National Early Music Association UK
President - Peter Holman
Chairman - Francis Knights
The National Early Music Association
of the UK has existed since
1981 to bring together all concerned with early music and to
forge links with other early music organisations
in the UK and around the world. NEMA also acts to
represent musicians in the early music field to outside bodies, when required.
Whatever your interest in early music
- amateur or professional, scholar or performer, listener,
instrument maker or CD buyer - you should join Nema. Click here for more about
Nema and its history
. To become a NEMA member click
For a modest subscription members of NEMA receive Early
Music Performer, NEMA's magazine which brings the most important
new scholarship to practising early musicians,
and keeps its readers up to date with the latest news
from the world of historically informed performance.
Members also receive a very informative twice-yearly newsletter and
have access to musical supplements and past papers from EM Performer
and the Early Music Yearbook
Oct 2019 conference on performance practice
Oct 2018: Vocal Sound and Style 1450-1650
Sep 2017: Early Keyboard Instruments And Their Music
Jul 2013: Mechanical Musical Instruments and Historical Performance
Review by Mark Windisch
Jul 2009: Singing music from 1500 to 1900
Followed up in Oct 2009 by
Nema Survey Report
Jul 1999: From Renaissance to Baroque
Back-numbers of Early Music Performer can now be downloaded from the
archive of earlier issues.
Sheet music for
download by NEMA members
Vocal Traditions in Conflict.
Descent from Sweet, Clear, Pure and Affecting Italian Singing to Grand Uproar
The latest NEMA Newsletter is now available
It contains these articles:
Interview with Jaap Schroder, Nicolette Moonen and Robin Kinross;
'Di Sofonisma nobile Cremonesa, Musica, Letterata, e sopra tutto rarissima Pittrice', Naoko Akutagawa and Glen Wilson;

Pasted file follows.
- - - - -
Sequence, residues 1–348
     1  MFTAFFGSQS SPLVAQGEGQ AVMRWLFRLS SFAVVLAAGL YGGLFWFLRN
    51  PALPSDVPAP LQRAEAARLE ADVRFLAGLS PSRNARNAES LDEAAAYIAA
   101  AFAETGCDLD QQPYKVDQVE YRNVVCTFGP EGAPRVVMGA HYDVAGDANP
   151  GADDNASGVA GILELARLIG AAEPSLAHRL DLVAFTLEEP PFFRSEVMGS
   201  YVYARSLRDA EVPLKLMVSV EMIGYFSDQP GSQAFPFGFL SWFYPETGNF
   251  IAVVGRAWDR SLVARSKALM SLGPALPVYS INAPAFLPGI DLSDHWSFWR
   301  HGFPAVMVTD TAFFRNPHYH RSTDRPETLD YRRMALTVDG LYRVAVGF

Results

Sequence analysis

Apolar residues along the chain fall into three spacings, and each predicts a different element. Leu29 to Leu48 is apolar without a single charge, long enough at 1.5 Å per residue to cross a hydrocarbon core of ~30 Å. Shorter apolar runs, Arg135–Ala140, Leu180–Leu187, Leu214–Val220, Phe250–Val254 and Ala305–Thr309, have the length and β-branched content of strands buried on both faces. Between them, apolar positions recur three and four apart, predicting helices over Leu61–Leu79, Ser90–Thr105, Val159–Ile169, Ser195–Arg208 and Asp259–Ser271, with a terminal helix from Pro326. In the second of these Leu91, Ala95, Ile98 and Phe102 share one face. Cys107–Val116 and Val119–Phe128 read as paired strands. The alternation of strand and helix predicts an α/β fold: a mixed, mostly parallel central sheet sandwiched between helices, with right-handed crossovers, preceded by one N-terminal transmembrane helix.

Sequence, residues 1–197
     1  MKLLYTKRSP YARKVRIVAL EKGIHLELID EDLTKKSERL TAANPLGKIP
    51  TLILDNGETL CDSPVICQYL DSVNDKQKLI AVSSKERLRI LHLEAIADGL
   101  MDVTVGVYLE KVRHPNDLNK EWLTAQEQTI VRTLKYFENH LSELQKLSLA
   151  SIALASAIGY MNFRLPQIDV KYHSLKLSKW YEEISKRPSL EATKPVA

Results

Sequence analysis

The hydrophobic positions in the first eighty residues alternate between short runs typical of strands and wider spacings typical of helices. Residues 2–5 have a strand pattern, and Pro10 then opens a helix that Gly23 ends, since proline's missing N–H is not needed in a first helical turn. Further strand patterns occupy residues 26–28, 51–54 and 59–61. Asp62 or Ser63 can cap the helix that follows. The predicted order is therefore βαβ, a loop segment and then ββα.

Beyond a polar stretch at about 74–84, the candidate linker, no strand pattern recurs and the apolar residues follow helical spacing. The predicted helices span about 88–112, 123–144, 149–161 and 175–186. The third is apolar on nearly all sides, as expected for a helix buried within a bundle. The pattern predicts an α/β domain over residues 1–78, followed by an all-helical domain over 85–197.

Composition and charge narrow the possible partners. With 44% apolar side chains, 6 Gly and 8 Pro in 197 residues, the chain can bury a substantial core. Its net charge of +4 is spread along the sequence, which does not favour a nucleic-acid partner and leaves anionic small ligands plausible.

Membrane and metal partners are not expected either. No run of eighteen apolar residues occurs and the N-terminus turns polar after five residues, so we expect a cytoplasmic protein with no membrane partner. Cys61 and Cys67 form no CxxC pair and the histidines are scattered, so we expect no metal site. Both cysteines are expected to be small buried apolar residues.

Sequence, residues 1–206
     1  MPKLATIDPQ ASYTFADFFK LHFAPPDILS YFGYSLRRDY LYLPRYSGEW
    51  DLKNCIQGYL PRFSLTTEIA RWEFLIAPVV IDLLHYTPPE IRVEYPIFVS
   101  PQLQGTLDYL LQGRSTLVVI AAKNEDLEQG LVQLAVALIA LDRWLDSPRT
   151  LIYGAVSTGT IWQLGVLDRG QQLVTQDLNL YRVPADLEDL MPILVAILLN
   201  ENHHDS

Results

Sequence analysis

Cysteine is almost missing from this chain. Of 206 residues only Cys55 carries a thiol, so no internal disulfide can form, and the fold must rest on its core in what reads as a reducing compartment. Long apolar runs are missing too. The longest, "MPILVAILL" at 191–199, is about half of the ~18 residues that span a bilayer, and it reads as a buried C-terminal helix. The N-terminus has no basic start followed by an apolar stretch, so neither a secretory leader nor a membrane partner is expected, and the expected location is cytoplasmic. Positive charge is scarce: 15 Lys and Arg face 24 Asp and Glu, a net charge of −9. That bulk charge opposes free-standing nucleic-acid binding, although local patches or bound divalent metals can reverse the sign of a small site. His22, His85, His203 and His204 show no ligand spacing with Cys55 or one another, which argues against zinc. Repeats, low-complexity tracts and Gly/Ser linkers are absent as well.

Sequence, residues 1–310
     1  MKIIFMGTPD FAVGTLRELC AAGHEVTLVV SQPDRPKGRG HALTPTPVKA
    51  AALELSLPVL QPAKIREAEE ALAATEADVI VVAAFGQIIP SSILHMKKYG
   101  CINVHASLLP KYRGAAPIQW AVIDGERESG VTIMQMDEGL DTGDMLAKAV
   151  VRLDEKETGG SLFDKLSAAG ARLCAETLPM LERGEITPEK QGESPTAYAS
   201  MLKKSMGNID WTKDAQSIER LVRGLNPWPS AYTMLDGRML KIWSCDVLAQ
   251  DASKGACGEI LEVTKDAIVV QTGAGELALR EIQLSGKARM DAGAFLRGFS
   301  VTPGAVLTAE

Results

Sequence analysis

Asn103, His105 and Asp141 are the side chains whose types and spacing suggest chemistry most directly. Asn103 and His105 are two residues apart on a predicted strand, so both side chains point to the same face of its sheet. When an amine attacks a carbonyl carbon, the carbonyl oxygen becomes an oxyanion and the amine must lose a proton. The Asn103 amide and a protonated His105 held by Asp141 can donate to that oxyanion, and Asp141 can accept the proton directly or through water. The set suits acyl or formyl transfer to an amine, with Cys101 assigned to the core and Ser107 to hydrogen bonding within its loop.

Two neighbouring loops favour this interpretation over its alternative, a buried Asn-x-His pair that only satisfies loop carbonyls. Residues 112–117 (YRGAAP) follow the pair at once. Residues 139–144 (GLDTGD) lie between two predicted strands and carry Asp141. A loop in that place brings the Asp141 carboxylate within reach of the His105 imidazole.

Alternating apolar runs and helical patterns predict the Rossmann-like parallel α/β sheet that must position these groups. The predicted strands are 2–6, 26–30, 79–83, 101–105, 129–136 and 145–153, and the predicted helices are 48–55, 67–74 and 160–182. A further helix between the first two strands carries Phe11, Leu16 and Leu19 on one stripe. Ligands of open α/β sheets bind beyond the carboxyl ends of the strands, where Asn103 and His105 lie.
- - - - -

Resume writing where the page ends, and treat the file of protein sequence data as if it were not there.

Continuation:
Reconstructing Renaissance Polyphony: comparing original and replacement, Francis Knights, Mateo
Rodríguez and Pablo Padilla;
To trill or trillo? A study in performance practice, Andrew Schultze;
Editing the Fitzwilliam Virginal Book, Jon Baxendale;
Revisiting George Marson, Joseph Sargent;
Working with the past – a too personal approach to the violin, Peter Sheppard Skćrved;
Reconstructing piano actions of 19th century German keyed guitars, Daniel Weeldon;
The National Centre for Early Music in its 20th anniversary year
– facing challenges, making music, Delma Tomlin;
The 2020 Händel-Jahrbuch, Mark Windisch;
News and obituaries
For earlier Newsletters click here.
The National Early Music Association is offering support to early music ensembles during the
Covid-19 crisis. Being a small and modestly-resourced charity it can only offer limited and
informal help, so it is awarding a number of direct grants to British ensembles which perform
pre-1750 music in an historically-informed way.
Ensemble of the month Full list of supported ensembles
Blondel performs medieval and renaissance music on shawms, bagpipes, curtals and recorders.
It is easy to imagine how the bold tones of a shawm band cut across the hustle and bustle of dance and banquet halls, or even a city square. More surprising to modern ears is the joyful and sophisticated beauty that results from this uniquely blended sound.